A total of 758 women had undergone Pap smear test during 24 months of intervention programme. Majority of women who attended the camp were in the age group 18-49 years and 7.1% women were aged 50 years and above. Majority of them were educated (81.5%), Hindu (62.9%) and their family income ranges from 5000 to 10000 per month (65.5%). The mean age (± SD) at marriage and cohabitation was 19.3 (± 4.0), and 19.5 (± 3.7), respectively and 6.3% women were never pregnant.

About 64.8% of women who attended the camp had at least one complaint regarding reproductive morbidity (Table 1). Majority of them had presented with white discharge (62.9%) followed by pain in lower abdomen (27.7%). About 18.7% women were having more than one complaint.

Self reported complaints 491 (64.8)
No complaint 267 (35.2)
Self reported complaints (N=491)
White discharge 309 (62.9)
Irregular period 75 (15.3)
Itching in and around vagina 52 (10.6)
Pain in lower abdomen 136 (27.7)
Heavy bleeding 11 (2.2)
Infertility 3 (0.6)
Others* 33 (6.7)
No. of women with multiple complaints 142 (18.7)
*Includes prolapsed uterus, fibroid, burning urination and spontaneous abortions

Table 1: Reported reproductive complaints by the women attended Pap smear camps.

Table 2 presents the Pap smear finding according to some selected background characteristics. It was found that 32.2% (244/758) women infected with HPV. HPV infection significantly (p=0.02) decreased with age of women whereas, other infection (not HPV infection) increased with age of the women. No significant (p=0.79) association was observed between education level of women and cytological findings of Pap smear. Number of pregnancies also showed significant (p=0.003) association with infections. As age at cohabitation increased, the HPV infection significantly (p=0.02) decreased.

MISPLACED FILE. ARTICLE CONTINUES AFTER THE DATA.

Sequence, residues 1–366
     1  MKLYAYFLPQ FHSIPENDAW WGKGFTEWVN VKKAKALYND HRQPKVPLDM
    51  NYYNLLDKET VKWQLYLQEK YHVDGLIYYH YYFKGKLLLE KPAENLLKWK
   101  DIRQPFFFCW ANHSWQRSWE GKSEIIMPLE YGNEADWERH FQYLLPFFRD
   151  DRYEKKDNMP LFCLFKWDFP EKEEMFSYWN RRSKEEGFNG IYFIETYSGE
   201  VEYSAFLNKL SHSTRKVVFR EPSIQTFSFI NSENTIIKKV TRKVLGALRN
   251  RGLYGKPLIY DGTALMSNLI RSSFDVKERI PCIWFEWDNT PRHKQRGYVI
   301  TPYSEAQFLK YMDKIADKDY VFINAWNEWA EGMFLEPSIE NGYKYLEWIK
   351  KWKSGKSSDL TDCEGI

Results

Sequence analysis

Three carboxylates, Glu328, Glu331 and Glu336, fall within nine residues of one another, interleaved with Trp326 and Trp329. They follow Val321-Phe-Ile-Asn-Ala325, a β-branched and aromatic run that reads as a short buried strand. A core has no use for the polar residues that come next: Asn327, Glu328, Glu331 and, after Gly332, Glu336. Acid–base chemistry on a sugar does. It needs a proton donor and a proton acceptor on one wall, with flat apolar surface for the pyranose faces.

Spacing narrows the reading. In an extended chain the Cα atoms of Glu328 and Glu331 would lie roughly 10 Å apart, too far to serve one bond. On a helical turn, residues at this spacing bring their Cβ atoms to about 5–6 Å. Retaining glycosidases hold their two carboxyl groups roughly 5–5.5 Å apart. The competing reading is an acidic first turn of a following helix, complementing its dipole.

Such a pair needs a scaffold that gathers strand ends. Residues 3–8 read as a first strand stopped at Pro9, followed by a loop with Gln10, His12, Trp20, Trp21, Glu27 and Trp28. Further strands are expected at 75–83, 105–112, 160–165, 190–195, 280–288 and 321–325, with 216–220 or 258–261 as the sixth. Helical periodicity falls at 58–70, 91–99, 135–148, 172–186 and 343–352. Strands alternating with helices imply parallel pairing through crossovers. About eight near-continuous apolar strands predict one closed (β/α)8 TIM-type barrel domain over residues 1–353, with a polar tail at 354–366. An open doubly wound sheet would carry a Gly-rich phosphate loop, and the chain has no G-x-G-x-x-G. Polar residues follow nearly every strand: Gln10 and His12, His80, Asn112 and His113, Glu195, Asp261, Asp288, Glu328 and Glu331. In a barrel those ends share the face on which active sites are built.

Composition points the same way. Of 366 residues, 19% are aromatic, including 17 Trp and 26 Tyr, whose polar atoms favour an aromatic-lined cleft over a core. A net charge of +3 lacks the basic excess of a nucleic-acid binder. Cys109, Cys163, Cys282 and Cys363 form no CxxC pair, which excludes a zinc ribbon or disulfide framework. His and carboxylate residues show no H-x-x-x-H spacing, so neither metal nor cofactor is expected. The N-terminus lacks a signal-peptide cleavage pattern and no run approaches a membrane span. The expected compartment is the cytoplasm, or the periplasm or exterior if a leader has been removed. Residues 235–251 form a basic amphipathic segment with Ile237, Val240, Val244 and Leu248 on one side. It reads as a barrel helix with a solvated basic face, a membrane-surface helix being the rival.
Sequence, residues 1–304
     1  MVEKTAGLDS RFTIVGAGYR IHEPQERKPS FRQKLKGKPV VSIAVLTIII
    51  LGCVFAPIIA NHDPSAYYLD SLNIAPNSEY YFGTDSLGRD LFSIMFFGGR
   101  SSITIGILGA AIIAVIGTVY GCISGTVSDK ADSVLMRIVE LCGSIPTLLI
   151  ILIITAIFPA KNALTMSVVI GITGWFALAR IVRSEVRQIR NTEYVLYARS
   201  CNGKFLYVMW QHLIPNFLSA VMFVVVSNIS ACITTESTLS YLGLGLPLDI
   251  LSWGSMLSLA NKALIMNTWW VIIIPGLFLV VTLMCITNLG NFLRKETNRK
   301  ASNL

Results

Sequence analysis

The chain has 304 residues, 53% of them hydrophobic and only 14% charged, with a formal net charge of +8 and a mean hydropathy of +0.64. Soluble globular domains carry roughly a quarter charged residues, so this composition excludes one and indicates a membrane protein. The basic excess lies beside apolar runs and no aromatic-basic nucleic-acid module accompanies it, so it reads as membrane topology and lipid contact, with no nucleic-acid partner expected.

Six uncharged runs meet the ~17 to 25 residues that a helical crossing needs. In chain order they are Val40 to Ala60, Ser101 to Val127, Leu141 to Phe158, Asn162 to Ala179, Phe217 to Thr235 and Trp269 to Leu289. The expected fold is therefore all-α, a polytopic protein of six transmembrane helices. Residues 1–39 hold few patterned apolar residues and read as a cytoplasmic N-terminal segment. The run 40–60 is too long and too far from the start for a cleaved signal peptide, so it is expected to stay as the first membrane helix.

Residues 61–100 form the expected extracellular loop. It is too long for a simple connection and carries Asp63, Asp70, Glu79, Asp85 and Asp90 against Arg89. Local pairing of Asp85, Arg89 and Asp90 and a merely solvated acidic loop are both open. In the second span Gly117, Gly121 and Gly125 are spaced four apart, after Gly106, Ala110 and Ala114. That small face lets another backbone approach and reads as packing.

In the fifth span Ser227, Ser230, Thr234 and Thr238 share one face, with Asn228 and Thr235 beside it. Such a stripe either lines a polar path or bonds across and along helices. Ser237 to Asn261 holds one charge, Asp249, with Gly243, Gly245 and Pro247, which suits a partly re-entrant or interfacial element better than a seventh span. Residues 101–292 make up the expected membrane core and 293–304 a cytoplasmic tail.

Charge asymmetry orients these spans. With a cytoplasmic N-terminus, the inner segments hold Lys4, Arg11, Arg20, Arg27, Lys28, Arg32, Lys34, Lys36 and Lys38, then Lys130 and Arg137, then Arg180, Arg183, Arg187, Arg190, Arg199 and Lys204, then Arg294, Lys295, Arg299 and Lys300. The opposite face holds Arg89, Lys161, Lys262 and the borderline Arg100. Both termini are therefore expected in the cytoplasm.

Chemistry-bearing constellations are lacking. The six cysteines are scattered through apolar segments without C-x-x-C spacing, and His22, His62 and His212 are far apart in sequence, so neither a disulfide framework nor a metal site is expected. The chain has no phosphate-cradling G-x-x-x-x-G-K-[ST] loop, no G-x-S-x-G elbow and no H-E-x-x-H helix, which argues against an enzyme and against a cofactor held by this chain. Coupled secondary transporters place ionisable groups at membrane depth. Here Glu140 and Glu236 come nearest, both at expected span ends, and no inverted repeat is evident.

Background Pap smear findings Total
Characteristics No Infection HPV infection Other infections N=758
N=376 N=244 N=138
Current age
<30 112 (47.7) 84 (35.7) 39 (16.6) 235
30-39 141 (46.7) 106 (35.1) 55 (18.2) 302
40-49 87 (52.4) 47 (28.3) 32 (19.3) 166
50 & above 36 (66.7) 6 (11.1) 12 (22.2) 55
Illiterate 58 (51.8) 33 (29.5) 21 (18.8) 112
Literate 318 (49.2) 211 (32.7) 117 (18.1) 646
Age at cohabitation
<18 105 (49.3) 56 (26.3) 52 (24.4) 213
18-25 239 (49.1) 172 (35.3) 76 (15.6) 487
26 & above 30 (55.6) 14 (25.9) 10 (18.5) 54
Number of pregnancies
0 21 (43.8) 7 (14.6) 20 (41.7) 48
1 39 (45.3) 28 (32.6) 19 (22.1) 86
2 91 (51.1) 59 (33.1) 28 (15.7) 178
3 98 (49.2) 70 (35.2) 31 (15.6) 199
4 & above 126 (51.6) 78 (32.0) 40 (16.4) 244
Current contraceptive use
Using no method 165 (53.1) 86 (27.7) 60 (19.3) 311
Condom 47 (52.2) 33 (36.7) 10 (11.1) 90
Oral contraceptive Pills 7 (33.3) 8 (38.1) 6 (28.6) 21
IUCD 21 (38.2) 23 (41.8) 11 (20.0) 55
Sterilization 126 (48.5) 87 (33.5) 47 (18.1) 260
Traditional methods 10 (47.6) 7 (33.3) 4 (19.0) 21
Self reported complaints
No 232 (47.3) 176 (35.8) 83 (16.9) 267
Yes 144 (53.9) 68 (25.5) 55 (20.6) 491

Table 2: Pap smear findings by selected background characteristics.


The present study illustrates the combined efforts of creating awareness about cervical cancer, and motivating couples to utilize the Pap smear camps organized once in a month at maternity home. Significant increase in knowledge of cervical cancer was observed among women from baseline (27%) to endline (99.5%) survey in the present study through community education programmes. Similar significant increase in knowledge of cervical cancer was observed among Nigerian women from baseline (15%) to endline survey (61.7%) through community based education messages [25].

Majority of the women attending the camps were of reproductive age group. These findings corroborates with other studies conducted in different setting [17,26]. The reason might be that the intervention strategies were targeted towards sexually active women i.e. of reproductive age group and were motivated to attend the camps. Majority of the women who attended the camps were educated, this probably could be due to the fact that less than 20% women were uneducated in the community. Women with some reproductive morbidity (69%) attended the camp. Similar finding (60%) was also reported by a study conducted in Delhi and the common complaints were reported as white discharge and lower abdomen pain [20]. Out of 758 women who attended the camps, 50% women were suffering with any reproductive tract infections. Majority of them were having HPV infection (32.3%) followed by bacterial vaginitis (27%). Similar findings are observed in other studies [20].